The Cellular Mechanisms of Neuronal Swelling Underlying Cytotoxic Edema


Authors: Rungta, Ravi L. et al

Journal: Cell

DOI: 10.14288/1.0167572

Publication - Summary

April 23, 2015

Summary:

In this paper, the MacVicar Lab used Neuro9 siRNA cell transfection nanoparticles (Neuro9-siRNA) prepared using the NanoAssemblrTMBenchtop instrument to uncover the role of a specific chloride channel in cytotoxic edema, which is a major cause of death in traumatic and ischemic brain injury.  The study’s findings suggest a possible target for treatment of brain injury.  Previously published work had implicated Na+ and Cl- influx in neurons as a cause for neuronal swelling. However, with numerous ion channels at work in neurons, the precise molecular pathway was unknown. Understanding this pathway would allow targeted treatments for injuries involving cytotoxic edema to be developed. The MacVicar Lab tested pharmaceutical ion channel inhibitors and observed their effects on live cells using brain slice imaging to confirm a chloride channel was necessary for swelling. These data were combined with gene expression (qRT-PCR) data to create a short list of 4 chloride channels that might be involved. To identify the role of each of these channels, functional studies were required to observe the effect of inhibiting each channel independently. RNA interference is the only mechanism of inhibition with the degree of specificity necessary to test each ion channel independently, which requires transfecting neurons with short interfering RNA (siRNA) in vitro and in vivo. Neurons, however, are difficult to transfect because most transfection methods are toxic to neurons. Compounding the difficulty, a different transfection method would be required to perform the experiment in vivo.

Neuro9 transfection is unique among gene transfection methods, exhibiting no observable toxicity in primary neurons and proven to be effective in vitro and in vivo applications. The MacVicar lab used Neuro9-siRNA to validate siRNA sequences against the four Cl- channels in vitro. Neuro9 nanoparticles containing the validated sequences were then administered to rats by direct cortical injection. Brain slices were harvested 5-6 days after Neuro9 treatment and swelling measured by microscopy. SLC26A11 was the only candidate where significant reduction in swelling was observed following knockdown.  They verified protein knockdown by western blot. Additionally, Neuro9-siRNA was used in conjunction with whole cell voltage clamp electrophysiology to verify the phenotypic response to knockdown. These findings suggest that inhibition of SLC26A11 dependent Cl- influx can be exploited for treating traumatic and ischemic brain injury.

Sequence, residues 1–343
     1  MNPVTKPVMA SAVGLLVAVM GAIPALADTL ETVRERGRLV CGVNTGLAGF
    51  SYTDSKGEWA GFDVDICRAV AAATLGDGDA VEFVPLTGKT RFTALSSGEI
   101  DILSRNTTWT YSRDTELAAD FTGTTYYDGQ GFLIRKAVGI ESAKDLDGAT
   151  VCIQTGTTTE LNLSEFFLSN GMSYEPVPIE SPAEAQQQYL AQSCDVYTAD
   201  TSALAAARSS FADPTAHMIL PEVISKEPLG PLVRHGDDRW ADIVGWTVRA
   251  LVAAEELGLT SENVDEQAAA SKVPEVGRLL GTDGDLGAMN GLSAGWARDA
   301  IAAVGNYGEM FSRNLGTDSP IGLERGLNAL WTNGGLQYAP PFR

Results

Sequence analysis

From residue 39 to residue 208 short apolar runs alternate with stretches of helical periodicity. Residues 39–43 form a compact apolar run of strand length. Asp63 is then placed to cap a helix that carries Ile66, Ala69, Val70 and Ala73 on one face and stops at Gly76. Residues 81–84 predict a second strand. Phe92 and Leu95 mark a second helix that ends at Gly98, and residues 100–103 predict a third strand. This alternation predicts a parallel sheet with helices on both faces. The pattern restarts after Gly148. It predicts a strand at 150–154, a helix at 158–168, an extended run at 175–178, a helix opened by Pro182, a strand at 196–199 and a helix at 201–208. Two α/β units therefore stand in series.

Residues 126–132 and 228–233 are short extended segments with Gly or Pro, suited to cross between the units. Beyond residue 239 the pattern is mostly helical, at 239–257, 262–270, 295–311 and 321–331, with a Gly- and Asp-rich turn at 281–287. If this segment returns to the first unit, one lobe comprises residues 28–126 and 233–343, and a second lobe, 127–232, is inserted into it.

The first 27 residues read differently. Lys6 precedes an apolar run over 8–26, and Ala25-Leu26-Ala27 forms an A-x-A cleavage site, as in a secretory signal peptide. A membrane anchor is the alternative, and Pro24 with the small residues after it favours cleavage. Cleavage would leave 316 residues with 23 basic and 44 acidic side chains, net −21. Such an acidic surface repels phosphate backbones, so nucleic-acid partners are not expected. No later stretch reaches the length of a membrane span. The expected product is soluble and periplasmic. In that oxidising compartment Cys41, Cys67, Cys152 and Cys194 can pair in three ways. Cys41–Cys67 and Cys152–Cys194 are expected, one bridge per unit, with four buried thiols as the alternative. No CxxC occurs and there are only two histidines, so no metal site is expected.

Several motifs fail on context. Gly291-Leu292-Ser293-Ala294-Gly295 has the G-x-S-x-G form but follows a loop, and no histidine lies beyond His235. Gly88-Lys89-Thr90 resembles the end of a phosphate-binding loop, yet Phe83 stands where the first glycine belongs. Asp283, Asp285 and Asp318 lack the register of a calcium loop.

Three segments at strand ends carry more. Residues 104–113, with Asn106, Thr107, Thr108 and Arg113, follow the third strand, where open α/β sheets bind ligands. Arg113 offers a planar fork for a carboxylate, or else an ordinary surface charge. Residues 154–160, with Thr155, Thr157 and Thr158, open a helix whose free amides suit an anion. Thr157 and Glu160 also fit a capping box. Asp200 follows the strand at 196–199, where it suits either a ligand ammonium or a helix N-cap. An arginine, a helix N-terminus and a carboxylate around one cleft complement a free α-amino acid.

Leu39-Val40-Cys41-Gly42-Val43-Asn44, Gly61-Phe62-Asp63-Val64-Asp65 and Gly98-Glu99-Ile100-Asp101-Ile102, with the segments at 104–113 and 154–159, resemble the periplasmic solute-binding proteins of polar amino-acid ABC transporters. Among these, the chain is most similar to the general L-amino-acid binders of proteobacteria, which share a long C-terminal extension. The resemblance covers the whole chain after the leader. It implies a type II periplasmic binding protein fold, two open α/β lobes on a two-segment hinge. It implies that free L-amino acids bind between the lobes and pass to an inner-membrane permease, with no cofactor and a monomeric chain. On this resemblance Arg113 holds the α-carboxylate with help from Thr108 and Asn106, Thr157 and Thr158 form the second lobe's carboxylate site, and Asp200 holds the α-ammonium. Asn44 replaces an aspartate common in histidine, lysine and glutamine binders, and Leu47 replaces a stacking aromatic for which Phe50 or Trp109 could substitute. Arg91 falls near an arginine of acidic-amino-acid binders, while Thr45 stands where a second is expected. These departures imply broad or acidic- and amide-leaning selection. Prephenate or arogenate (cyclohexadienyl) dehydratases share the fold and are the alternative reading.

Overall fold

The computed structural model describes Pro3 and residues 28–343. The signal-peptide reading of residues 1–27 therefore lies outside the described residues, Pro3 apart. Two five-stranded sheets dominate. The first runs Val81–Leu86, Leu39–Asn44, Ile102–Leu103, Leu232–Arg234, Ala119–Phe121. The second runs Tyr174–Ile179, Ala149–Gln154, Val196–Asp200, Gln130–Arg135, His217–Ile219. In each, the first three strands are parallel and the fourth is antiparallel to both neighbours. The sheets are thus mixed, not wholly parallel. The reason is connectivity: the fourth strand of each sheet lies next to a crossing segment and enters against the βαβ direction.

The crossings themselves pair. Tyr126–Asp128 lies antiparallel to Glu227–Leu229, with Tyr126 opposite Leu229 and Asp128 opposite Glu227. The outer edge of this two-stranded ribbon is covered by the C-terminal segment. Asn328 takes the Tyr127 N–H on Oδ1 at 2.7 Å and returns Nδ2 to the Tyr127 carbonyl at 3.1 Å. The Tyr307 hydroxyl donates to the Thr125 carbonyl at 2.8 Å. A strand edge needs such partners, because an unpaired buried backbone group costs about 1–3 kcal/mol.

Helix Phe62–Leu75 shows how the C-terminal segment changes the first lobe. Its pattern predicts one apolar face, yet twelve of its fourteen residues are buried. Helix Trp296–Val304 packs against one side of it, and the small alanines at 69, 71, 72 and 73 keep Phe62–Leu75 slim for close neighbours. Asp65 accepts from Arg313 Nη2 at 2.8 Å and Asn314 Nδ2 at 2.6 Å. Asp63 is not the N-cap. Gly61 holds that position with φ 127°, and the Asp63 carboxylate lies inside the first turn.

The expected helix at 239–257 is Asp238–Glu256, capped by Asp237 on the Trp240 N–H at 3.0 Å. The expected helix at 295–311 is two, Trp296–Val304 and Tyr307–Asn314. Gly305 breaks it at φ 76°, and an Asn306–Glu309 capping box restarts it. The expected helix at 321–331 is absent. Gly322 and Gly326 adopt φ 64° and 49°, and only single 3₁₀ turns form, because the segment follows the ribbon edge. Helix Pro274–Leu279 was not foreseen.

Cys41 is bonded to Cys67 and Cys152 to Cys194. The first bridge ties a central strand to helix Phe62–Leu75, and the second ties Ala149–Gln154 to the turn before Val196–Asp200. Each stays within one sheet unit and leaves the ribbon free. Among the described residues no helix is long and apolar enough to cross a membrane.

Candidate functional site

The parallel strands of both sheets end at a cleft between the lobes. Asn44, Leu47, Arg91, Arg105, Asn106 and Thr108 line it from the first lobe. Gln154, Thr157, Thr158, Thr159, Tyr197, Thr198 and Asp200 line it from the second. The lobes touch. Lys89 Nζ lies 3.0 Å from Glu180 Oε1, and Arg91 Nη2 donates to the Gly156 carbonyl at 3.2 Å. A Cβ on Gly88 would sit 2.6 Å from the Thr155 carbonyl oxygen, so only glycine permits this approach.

Abstract:
 

Cytotoxic brain edema is the principal cause of mortality following brain trauma and cerebral infarct yet the mechanisms underlying neuronal swelling are poorly understood. This thesis aims at identifying cellular mechanisms of neuronal swelling that cause cytotoxic edema (chapter 3) and describes a novel method for highly efficient neuronal transfection using lipid nanoparticle delivery of siRNA in vitro and in vivo (chapter 2). In chapter 2, we demonstrate that neurons accumulate lipid nanoparticles in an apolipoprotein E dependent fashion, resulting in very efficient uptake in cell culture (100%) with little apparent toxicity. In vivo, lipid nanoparticle delivery of siRNA resulted in knockdown of target genes in either discrete regions around the injection site following intracortical injections or in more widespread areas following intracerebroventricular injections with no apparent toxicity or immune reactions from the lipid nanoparticles. Effective targeted knockdown was demonstrated by showing that lipid nanoparticle delivery of siRNA against GRIN1 (encoding GluN1 subunit of the NMDA receptor) selectively reduced synaptic NMDA receptor currents in vivo as compared to synaptic AMPA receptor currents. Therefore, lipid nanoparticle delivery of siRNA rapidly manipulates expression of proteins involved in neuronal processes in vivo, possibly enabling development of gene therapies for neurological disorders. In chapter 3, we show that increasing intracellular sodium concentration ([Na⁺]i) by either activating voltage-gated sodium channels or NMDA receptors triggers a secondary Cl- influx that leads to neuronal swelling and death. Cl- but not Ca²⁺ entry was required for neuronal swelling and cell death. Pharmacological analyses indicated that a DIDS-sensitive HCO₃-/C1- exchanger was responsible for the majority of the Cl- influx. We used lipid nanoparticle-siRNA mediated knockdown (described in chapter 2) to determine the molecular identity of the Cl- influx pathway. Neuronal swelling was attenuated in brain slices by siRNA-mediated knockdown of the Cl-, SO₄²-, HCO₃- exchanger, SLC26A11, but not by knockdown of other HCO₃-/Cl- exchangers examined. We conclude that cytotoxic brain edema can occur when sufficient Na⁺ entry into neurons results in Cl- entry via SLC26A11 to trigger subsequent neuronal swelling.

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